I do know how to pay attention, how to fall down
into the grass, how to kneel down in the grass,
how to be idle and blessed, how to stroll through the fields,
which is what I have been doing all day.
Tell me, what else should I have done?
Doesn’t everything die at last, and too soon?
Tell me, what is it you plan to do
with your one wild and precious life?
EVERY YEAR, the river in our town runs wild with fish. They overhatch in gullies that burst forth in a high streaming rush, floe versus fish, fish versus fish. There’s not nearly enough room for all of them. The water thrashes with tails and gills flipped from the stream. The unlucky ones you’ll see bouncing on the rounded blue bulge of the run, again and again trying to slam themselves down.
Women with houses that border the banks lean from their windows with enormous brass pots, the day’s dinner leaping straight into their arms. Children toss bread from footbridges to see the fish torpedoing up to the sky. Dogs go temporarily mad with excess, shaking upwards of four fish in their mouths, then take off trotting with them through the streets, exhilaration eclipsing the instinct to eat.
The run lasts three days. It leaves our roads slicked with entrails and a smell that, if it catches in your hair, you cut out. We stay indoors and wait for the sun to bake the streets dry, for the breeze to stir and send the dust downstream, off with the rest.
Then we eat yeast cakes. Then spring is here.
Susan Anspach is an MFA student at the University of Maryland, as well as a co-editor for speculative literary journal The Golden Key. Her work has appeared in feminist zine Ladybones, and this past summer she participated in the Prague Summer Program conference, through which she was awarded the John Woods Scholarship for writing.
Abigail sat in her bathtub and unraveled the extra folds under her knees. The bathtub allowed her to do this neatly, instead of catching her crinkly skin underneath the kitchen chair or crushing it within the sheets of her bed.
Cities rose and fell along her torso, interrupted by parks, museums, and neighborhoods designed like ant farms. Her thighs were made of ill-lit country roads.
She ran a finger along the interstate that carried blood down to her big toe, where she discovered a blank patch on the tip of her toe. The map suddenly ended there, in Old Orchard Beach, Maine, and stung like a scab cleaned with lemon juice.
Her map needed updating because something, whether by accident or construction, had changed.
Abigail packed her suitcase and booked a plane ride that afternoon. The Missouri sun beat down on her, making the ink run on the side streets beneath her eyes.
At the airport, she was asked, “Business or pleasure?”
There was nothing pleasurable about complete strangers staring at her body – or worse yet, bumping her in a crowd or sitting too close in the next seat over. The old man sleeping beside her on the plane rested his head on her shoulder, crumbling the yellow-coded district printed there beyond repair. Abigail couldn’t smooth it back out again.
When she arrived at Old Orchard Beach, she dressed in wellies, gloves, and a raincoat. Hot wind blew foam off the water and Abigail hated soggy skin worse than wrinkles.
She smelled fried fish and funnel cakes wafting off the Pier. A mermaid sand sculpture sagged in the sun. Children roared against the waves, playing at sea lions. The Sun Wheel gently turned.
And then she saw it. The change in the map. Her big toe itched as she approached the shoreline, her crackling heart thudding from being so close to the water.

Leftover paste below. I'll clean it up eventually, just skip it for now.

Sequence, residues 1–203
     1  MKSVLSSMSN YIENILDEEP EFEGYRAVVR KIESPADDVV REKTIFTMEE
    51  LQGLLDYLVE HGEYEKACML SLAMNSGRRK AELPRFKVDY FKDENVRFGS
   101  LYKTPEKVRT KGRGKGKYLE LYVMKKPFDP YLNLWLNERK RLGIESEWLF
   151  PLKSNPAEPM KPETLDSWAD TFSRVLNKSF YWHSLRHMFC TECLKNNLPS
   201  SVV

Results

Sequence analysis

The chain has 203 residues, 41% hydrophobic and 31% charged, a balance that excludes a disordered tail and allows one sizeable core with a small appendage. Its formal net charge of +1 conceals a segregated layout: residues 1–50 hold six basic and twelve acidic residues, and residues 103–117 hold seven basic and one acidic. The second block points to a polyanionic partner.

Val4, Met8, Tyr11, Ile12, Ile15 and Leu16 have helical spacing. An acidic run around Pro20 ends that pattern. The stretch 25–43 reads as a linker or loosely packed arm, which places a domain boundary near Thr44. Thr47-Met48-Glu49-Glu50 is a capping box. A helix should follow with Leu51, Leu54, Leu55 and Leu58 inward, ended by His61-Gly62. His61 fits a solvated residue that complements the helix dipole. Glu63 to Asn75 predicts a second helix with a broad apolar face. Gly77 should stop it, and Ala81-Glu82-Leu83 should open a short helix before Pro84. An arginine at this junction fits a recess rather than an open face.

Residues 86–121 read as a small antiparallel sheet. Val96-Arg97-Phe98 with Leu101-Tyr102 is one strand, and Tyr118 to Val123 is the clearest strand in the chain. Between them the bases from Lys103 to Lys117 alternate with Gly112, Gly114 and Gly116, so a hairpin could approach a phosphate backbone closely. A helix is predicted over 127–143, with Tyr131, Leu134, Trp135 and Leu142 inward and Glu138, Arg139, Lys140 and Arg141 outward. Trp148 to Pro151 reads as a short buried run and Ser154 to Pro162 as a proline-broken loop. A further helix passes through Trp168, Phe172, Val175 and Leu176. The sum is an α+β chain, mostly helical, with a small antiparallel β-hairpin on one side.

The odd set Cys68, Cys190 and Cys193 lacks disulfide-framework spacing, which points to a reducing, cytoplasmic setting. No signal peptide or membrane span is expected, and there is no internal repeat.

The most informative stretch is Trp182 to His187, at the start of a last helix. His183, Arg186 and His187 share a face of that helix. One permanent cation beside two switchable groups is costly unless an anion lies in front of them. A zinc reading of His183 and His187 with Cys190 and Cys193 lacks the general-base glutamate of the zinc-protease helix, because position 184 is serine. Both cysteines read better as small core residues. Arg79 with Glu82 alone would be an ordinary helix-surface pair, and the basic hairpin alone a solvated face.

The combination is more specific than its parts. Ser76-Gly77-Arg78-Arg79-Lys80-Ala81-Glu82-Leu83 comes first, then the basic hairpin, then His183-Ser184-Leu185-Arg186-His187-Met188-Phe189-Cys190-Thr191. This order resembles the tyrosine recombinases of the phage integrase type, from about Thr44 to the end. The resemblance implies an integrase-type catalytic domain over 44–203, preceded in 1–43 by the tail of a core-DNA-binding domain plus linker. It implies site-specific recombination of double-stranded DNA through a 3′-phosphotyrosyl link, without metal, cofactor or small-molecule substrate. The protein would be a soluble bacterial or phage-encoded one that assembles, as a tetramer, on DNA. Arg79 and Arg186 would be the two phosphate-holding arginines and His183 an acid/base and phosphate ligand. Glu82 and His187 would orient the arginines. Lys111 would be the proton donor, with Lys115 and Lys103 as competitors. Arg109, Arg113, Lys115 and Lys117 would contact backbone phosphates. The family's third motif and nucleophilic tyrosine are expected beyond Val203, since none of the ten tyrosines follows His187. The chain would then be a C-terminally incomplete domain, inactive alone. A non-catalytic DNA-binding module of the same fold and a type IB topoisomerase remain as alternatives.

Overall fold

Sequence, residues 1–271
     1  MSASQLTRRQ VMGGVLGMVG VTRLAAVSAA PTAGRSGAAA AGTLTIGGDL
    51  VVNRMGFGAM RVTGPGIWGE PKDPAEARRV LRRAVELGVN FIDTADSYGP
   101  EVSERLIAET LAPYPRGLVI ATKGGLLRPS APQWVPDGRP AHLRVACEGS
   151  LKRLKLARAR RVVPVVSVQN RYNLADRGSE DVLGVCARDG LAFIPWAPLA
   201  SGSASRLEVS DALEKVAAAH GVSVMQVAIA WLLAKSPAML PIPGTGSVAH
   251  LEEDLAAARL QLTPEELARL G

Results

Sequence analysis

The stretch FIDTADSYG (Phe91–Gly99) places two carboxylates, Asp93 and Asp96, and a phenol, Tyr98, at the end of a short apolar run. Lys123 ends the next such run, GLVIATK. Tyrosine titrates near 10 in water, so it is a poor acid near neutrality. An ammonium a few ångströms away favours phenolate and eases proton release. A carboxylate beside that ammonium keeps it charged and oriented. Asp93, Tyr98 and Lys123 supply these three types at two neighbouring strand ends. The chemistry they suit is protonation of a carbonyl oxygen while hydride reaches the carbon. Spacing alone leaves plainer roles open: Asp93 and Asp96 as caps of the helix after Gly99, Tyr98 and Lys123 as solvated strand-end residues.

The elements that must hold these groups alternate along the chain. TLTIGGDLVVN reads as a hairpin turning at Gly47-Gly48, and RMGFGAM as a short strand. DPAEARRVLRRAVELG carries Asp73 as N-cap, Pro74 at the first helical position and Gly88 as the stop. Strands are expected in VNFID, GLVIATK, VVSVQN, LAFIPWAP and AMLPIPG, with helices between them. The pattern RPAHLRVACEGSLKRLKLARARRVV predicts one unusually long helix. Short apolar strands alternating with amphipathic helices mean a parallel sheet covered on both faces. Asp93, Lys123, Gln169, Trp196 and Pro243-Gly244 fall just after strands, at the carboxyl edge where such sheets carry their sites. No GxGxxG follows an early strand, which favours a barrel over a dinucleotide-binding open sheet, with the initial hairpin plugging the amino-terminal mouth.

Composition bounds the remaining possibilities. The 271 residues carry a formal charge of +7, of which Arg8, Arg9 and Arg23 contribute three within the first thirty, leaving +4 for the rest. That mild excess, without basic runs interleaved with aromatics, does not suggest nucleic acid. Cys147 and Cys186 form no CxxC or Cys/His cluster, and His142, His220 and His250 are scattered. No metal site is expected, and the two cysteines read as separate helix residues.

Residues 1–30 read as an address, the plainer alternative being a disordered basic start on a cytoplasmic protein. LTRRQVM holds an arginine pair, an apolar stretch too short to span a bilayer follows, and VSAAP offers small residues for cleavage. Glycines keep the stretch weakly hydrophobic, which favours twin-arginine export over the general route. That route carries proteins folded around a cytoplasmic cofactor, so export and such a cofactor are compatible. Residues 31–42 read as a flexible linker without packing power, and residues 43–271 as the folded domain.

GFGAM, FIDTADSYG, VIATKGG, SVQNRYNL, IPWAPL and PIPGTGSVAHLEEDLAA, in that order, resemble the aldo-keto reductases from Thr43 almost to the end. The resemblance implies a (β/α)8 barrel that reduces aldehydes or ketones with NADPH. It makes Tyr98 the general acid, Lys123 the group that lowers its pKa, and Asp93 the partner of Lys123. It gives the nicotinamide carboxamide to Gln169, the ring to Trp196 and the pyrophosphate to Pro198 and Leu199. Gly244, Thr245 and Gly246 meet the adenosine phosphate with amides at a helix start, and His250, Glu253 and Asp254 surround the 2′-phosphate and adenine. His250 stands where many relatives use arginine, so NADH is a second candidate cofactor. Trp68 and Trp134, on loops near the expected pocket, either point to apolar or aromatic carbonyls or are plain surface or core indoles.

Odval was waiting for her, his own wellies ankle-deep. His beard covered the Karakorum mountain range cataloged on his jaw and neck. His mouth split a hiking trail in half when he grinned.
“So you found it, too?” he said, rolling up his sleeve to show her the blank patch at his elbow.
Abigail kissed his cheek. “I didn’t think we’d be sharing the landmark. We’re miles away.”
But the maps of their bodies have never made sense. They memorized the new rock formation jutting out of the water – to anyone else, it was just another place to steer rowdy kids away from. But for them, it was another little detail of the world to record, worth risking their road-marked limbs.
Back in the hotel room, they’ll take out their pens and ink and fill the blank patches.
Kimberly Karalius is a third year MFA student at the University of South Florida. Her fiction has appeared in the Rose Red Review, The Medulla Review, Hogglepot, and Luna Station Quarterly. She likes plane rides, but the snacks are usually disappointing.
Pull out my teeth, darling, if you don’t want to get bit.
You could wear them on a string around your neck, or keep them in a mirrored box, a reliquary. You could carry them in your pocket like change.
But as long as I still have them, dear, I will keep them sharp.
I will drag you under until you drown, and then keep you there, until your flesh is soft, and maybe a little longer still.
Carlea Holl-Jensen is an English teacher and erstwhile folklorist. Her fiction has appeared in Pindeldyboz, Lady Churchill’s Rosebud Wristlet and Shimmer, and she is the co-editor of The Golden Key.
I love this trend!
A favorite book cover trend of mine.
Adoring the trend in silhouette book covers.
The people who lived there learned from an early age how to mold and sculpt and paint and glaze bowls. When the basins were ready, they would be filled with sweets and paper wishes and lowered into the well, then left there overnight. In the morning, the bowls would be drawn back up. Sometimes, if the bowl and its gifts had been pleasing enough, the completion of a wish would be returned, no bigger than a sunflower seed.
I love her dress.
There is no beauty without some strangeness.
We wrapped him in a tight band of paper because we could not bear the thought that he might open his eyes in the dark of the ground and beat his wings furiously, hopelessly, against the fresh-packed earth.